Schilling addressed the controversy from last August in which he compared Muslims to Nazis. He tried to justify it by saying he used the term “Muslim extremist” as opposed to just Muslim. Then, about today’s furor over his latest Facebook post, he wrote, “This latest brew ha ha is beyond hilarious. I didn’t post that ugly looking picture. I made a comment about the basic functionality of mens and womens restrooms, period.”

He goes on, “YOU’RE the ones making it the issue. I don’t care, if you ask me about any of the topics it’s likely (much to the chagrin of many) I’ll answer with my opinion.”

It reads like a teenager trying to argue his way out of getting grounded by his or her parents. Guess we’ll have to wait and see how ESPN responds to this.

Curt Schilling makes a disgusting anti-transgender post on Facebook

Former MLB player Curt Schilling talks with a reporter at the Electronic Entertainment Expo, or E3, in Los Angeles, California June 9, 2011. REUTERS/David McNew
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This has got to be the final straw, right? Curt Schilling, ESPN’s baseball analyst who has been in trouble multiple times for his social media posts and comments, has once again stepped in it. Indeed, this may be his worst one yet.

It was a meme he shared on Facebook and under which he commented dealing with the issue of access to public facilities for transgender people and it contains a disgusting caricature of what, apparently, Schilling believes to be a transgender person. I won’t reproduce the meme he shared here, but you can see it if you’d like at OutSports, which brought this to the public’s attention. They also pass along his comments, which I presume he’ll soon delete. Schilling:

“A man is a man no matter what they call themselves. I don’t care what they are, who they sleep with, men’s room was designed for the penis , women’s not so much. Now you need laws telling us differently? Pathetic”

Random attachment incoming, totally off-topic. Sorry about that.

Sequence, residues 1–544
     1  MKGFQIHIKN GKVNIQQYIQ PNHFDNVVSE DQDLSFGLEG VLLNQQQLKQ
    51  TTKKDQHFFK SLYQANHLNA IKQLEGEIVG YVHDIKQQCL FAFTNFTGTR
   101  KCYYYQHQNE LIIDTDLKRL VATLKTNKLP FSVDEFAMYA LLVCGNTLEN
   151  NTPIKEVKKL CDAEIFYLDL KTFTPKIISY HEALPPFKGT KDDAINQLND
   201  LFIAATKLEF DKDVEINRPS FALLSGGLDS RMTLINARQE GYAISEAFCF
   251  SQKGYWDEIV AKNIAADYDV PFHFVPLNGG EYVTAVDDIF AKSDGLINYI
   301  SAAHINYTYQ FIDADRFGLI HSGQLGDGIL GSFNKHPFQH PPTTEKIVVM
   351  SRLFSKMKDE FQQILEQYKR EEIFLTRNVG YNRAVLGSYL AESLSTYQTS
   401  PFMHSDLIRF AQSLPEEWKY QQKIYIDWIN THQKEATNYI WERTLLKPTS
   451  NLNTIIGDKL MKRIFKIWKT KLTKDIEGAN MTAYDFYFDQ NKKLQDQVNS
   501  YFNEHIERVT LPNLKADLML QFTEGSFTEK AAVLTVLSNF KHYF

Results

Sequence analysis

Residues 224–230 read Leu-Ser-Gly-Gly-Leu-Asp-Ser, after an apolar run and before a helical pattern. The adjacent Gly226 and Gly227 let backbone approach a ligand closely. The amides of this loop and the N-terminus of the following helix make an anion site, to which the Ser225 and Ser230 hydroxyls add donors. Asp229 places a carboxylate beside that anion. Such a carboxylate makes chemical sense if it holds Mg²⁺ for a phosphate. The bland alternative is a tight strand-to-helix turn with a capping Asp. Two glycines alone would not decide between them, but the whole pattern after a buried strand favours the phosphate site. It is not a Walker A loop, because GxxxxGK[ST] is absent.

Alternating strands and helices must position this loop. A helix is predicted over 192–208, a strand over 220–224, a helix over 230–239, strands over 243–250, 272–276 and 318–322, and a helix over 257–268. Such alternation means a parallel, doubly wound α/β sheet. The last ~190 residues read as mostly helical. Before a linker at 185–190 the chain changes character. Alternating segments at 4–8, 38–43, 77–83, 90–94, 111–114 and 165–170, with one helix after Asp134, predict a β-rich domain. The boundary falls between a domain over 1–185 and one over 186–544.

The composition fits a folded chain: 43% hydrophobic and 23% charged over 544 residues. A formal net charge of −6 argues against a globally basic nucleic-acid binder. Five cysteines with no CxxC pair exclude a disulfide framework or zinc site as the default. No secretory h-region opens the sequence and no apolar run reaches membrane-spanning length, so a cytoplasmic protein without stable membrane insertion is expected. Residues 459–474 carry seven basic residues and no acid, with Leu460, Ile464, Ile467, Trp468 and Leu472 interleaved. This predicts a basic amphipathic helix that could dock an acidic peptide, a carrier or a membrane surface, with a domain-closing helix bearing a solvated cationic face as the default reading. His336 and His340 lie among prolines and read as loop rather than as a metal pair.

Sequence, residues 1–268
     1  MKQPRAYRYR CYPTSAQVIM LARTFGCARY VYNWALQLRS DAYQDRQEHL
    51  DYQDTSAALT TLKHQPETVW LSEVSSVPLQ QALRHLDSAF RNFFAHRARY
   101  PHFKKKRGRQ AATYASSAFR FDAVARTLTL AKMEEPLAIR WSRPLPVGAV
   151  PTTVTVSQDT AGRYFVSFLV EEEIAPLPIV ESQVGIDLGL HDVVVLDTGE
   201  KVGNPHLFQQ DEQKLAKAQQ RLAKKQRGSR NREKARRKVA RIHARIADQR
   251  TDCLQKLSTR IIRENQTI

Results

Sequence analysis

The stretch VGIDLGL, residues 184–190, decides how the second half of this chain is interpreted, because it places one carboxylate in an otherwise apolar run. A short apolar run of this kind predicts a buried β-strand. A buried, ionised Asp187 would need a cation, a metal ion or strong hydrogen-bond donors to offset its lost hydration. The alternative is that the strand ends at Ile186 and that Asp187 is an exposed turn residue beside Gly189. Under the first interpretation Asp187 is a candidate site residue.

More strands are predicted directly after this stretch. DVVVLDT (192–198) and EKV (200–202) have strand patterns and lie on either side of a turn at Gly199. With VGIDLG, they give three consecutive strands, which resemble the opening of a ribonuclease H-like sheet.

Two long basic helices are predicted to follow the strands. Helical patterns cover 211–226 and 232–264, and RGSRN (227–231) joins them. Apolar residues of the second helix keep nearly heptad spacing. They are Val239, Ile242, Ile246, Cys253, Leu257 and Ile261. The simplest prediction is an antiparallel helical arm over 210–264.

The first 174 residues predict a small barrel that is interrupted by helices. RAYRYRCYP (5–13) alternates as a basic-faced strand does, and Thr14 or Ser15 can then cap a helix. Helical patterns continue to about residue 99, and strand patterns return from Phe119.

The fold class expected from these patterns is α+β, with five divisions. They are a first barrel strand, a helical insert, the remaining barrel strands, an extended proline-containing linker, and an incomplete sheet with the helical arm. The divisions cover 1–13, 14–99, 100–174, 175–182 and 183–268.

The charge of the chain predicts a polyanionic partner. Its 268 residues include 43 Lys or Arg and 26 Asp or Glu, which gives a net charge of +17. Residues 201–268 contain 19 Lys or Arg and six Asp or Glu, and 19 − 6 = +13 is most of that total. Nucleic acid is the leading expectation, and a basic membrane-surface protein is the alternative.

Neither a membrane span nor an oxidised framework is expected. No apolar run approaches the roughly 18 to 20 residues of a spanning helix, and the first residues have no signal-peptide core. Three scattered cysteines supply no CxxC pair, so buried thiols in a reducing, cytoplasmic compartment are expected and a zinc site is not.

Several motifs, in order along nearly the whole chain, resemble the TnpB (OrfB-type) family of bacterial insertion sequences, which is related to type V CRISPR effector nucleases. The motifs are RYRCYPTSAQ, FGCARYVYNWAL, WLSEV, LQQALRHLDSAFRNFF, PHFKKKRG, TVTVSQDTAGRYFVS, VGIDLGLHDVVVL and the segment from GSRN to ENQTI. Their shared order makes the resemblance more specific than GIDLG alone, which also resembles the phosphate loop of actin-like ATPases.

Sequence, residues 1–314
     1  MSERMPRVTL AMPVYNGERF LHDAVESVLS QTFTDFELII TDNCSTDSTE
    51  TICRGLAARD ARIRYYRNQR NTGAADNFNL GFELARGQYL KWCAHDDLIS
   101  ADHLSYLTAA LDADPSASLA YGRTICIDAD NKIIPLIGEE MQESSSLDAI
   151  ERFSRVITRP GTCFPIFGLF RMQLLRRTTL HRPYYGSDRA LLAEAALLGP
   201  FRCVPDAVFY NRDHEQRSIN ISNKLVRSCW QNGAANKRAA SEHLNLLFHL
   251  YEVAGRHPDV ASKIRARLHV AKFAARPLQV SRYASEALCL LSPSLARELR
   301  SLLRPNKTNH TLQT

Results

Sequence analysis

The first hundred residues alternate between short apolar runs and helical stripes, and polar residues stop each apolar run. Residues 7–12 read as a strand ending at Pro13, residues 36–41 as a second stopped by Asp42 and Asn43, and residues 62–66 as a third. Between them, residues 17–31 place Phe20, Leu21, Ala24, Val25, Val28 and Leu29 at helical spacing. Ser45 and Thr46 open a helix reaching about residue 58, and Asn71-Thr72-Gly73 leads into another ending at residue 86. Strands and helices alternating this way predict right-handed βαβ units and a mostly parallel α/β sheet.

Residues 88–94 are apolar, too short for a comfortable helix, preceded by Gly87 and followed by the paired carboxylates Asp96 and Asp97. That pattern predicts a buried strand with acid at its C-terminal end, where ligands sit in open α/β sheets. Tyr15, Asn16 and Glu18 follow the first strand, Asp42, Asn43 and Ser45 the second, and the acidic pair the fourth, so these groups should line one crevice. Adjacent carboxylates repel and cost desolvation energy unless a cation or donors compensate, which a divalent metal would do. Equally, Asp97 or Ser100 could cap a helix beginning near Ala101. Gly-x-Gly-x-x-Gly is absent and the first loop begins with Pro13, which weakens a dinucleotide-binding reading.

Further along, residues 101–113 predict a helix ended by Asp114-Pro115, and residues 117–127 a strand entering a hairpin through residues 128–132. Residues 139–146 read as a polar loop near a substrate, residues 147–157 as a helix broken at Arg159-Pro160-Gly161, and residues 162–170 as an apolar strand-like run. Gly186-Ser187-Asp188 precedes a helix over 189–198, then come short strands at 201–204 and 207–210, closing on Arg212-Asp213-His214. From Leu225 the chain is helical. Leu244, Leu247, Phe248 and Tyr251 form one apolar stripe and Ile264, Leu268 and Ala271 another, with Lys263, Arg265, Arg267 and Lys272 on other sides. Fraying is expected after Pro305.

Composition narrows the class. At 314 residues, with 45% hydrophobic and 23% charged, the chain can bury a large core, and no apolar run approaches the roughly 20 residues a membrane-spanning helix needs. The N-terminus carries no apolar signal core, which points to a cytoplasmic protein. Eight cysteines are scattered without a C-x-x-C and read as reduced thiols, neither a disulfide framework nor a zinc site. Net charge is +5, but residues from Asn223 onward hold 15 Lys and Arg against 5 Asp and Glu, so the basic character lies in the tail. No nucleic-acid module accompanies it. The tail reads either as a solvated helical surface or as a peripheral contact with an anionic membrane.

While many may feel that way, such sentiments are wholly ignorant of transgender people and their nature (note: they are people who just have to go to the bathroom sometimes like everyone else) and perpetuates stereotypes of a much-maligned class of people. There is an entire b.s. perpetuation machine backing these sorts of sentiments, by the way, smearing transgender people as deviants or threats when, in fact, there are no documented cases of people exploiting transgender non-discrimination laws to commit crimes. Of course, given Schilling’s track record, it is not necessarily surprising that he’s willing to buy into false claims and hyperbole which support his general disposition.

But even if you step away from the substance, it’s undeniable that public access for transgender people is a highly controversial issue at the moment, with North Carolina passing a restrictive law in this regard which has led to boycotts of the state by performing artists and travel restrictions for public officials who would visit North Carolina in their official capacity. Likewise, the NBA is currently considering taking next year’s All-Star Game out of Charlotte. No matter which side of this matter a person may fall, it’s highly doubtful that ESPN wants one of its top commenters wading into it at the moment, at least in as crass a manner as Schilling did.

Of course, Schilling has skated in the past and still makes seven figures talking about baseball for ESPN. One wonders if this will finally cause them to fire him or if he’ll continue to be teflon.